September 23, 2010


Why science can't hold sway: Our biases are overpowering. (Faye Flam, 9/22/10, Philadelphia Inquirer)

Why do so many Americans disagree with scientific consensus on issues such as global climate change and the safety of burying nuclear waste? Is it our poor education? Science illiteracy? Innumeracy?

None of the above, according to a new study published in Journal of Risk Research. People's positions on these issues and their willingness to believe or discount scientists depends mostly on ideology, or what the study's authors call "cultural cognition."

After surveying 1,500 people, the researchers found that those who were "egalitarian and resentful of economic inequality" were more likely to assume that there was scientific consensus that human activity is contributing to climate change, but not that it's safe to dispose of nuclear waste underground. Those who were more "hierarchical, individualistic and connected to industry and commerce" were more likely to make the opposite assumptions.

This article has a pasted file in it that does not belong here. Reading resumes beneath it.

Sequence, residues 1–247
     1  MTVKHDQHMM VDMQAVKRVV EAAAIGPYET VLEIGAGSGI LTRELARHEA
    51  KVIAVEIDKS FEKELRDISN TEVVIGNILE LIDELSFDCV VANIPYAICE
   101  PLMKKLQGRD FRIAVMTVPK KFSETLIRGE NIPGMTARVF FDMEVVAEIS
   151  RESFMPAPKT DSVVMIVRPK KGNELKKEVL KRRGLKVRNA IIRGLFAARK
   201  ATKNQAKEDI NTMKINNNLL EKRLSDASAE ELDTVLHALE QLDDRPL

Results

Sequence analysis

The problem, of course, is that we bring these same biases to the practice of science, and they produce the results we wish.

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Posted by Orrin Judd at September 23, 2010 6:06 AM
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